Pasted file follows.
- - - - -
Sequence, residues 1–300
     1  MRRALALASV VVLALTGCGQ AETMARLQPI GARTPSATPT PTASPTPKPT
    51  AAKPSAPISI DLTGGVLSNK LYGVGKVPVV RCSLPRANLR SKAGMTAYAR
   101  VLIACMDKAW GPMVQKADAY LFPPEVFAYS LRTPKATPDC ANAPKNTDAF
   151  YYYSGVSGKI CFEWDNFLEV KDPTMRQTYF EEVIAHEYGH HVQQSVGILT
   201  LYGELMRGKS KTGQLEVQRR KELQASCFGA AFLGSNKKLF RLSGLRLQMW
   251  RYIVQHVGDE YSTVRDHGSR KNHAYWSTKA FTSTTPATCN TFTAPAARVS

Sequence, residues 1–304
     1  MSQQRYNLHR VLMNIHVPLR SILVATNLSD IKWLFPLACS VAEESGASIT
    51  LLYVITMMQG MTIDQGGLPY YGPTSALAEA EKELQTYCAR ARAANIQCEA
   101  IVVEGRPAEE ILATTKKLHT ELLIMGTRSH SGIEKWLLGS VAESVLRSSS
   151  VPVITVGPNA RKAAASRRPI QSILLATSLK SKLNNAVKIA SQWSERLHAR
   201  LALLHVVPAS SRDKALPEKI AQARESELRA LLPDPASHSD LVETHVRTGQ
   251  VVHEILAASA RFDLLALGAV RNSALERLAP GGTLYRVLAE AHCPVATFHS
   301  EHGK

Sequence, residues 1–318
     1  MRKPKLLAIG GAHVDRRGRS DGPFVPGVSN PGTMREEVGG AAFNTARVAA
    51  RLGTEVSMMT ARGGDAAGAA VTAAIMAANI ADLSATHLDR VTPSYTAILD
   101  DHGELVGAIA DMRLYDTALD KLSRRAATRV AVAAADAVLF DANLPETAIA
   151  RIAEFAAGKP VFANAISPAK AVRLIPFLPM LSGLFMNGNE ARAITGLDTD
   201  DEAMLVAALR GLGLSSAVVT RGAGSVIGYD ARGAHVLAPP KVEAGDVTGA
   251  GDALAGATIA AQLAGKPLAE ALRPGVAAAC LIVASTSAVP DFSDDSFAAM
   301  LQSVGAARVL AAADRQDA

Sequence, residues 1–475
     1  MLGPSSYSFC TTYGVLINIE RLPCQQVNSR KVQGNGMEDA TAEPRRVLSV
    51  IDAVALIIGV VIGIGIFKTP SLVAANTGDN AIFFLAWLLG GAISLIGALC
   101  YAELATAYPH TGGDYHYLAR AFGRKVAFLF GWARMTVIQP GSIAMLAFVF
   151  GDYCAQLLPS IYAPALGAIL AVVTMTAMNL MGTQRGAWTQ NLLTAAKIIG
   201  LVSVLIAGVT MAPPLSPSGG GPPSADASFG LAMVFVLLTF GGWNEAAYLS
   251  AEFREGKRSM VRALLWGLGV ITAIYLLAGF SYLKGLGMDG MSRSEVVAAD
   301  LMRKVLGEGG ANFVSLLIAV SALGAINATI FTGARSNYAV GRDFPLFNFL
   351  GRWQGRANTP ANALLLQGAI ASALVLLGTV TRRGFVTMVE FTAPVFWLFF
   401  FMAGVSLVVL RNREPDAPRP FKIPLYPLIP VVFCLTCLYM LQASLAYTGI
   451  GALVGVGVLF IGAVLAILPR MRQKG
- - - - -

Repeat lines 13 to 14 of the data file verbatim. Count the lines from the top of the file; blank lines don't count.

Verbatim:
   201  LALLHVVPAS SRDKALPEKI AQARESELRA LLPDPASHSD LVETHVRTGQ
   251  VVHEILAASA RFDLLALGAV RNSALERLAP GGTLYRVLAE AHCPVATFHS